Isaac was a labourer in 1793 when he married, unable to write, he signed the register with a cross. The 1817 Parish Map and the 1842 Tithe Map show him owning and occupying a cottage opposite The Chestnuts. By 1844, Whites Directory lists him as a rope-maker. Zachariah born in 1806 was a plumber and glazier. In 1831 he married Susan Browe and their daughter Louisa was born the following year. In the same year he stole a quantity of glass from the mansion house of Sir James Blake of Langham. He was tried at the Suffolk Quarter Sessions in Bury St. Edmunds on 6th January 1832. The Bury and Norwich Post carried the report. He was found guilty and sentenced to seven years transportation. He sailed on the Lady Harwood on 13th March 1832 with 200 male convicts arriving in New South Wales on 5th August.
His convict record states that he had a previous conviction with a seven year sentence but no details are given. He was 5 feet 8 and a half inches tall with a ruddy freckled complexion, light grey eyes and red whiskers. The letters LF were tattooed on his lower left arm and his left little finger was contracted. These details were important in the case of men who escaped to become bushrangers.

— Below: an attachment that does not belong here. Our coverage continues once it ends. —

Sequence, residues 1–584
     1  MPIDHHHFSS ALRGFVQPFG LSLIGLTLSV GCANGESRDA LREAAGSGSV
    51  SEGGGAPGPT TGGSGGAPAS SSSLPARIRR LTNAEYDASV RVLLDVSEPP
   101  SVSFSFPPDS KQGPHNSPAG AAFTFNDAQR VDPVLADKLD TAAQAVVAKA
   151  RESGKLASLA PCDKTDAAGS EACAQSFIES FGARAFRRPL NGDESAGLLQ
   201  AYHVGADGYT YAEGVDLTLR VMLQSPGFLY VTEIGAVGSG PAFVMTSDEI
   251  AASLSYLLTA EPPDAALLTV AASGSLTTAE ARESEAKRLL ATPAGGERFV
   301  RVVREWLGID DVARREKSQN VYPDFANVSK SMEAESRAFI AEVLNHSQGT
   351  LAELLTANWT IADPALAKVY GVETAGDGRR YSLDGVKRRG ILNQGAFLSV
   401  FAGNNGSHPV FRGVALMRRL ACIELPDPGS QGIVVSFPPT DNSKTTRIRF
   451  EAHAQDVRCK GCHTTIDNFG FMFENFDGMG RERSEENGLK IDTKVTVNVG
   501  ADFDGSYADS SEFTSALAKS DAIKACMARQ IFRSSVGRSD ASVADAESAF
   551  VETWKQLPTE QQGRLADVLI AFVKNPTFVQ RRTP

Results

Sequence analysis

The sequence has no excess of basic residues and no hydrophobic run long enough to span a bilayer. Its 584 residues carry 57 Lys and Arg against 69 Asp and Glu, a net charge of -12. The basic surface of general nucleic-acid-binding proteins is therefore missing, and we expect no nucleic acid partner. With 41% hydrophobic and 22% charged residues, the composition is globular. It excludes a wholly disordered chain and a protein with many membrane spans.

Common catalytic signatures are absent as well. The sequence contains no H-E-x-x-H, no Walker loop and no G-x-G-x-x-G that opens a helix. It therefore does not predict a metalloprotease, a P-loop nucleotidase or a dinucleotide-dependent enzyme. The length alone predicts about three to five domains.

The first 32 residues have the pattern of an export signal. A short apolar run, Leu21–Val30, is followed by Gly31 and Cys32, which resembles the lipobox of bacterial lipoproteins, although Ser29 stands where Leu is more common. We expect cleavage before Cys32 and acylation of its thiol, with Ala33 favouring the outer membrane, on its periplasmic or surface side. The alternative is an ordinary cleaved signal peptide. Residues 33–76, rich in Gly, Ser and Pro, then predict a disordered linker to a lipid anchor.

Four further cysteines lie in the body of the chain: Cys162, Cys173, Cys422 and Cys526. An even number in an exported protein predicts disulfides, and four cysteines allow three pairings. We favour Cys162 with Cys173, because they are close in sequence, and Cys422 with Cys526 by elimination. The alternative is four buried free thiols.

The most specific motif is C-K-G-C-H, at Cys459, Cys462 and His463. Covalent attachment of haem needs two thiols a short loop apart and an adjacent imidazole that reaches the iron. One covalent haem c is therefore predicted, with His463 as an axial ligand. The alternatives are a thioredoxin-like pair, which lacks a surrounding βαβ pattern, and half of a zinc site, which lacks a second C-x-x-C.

On arrival Zachariah was assigned as a plumber to a Robert Cooper of Sydney. A muster of convicts in 1837 showed him aged thirty-two still with the same master. His name also appeared on a postal list for the collection of letters at a post-office – it’s good to know he could have received news from home.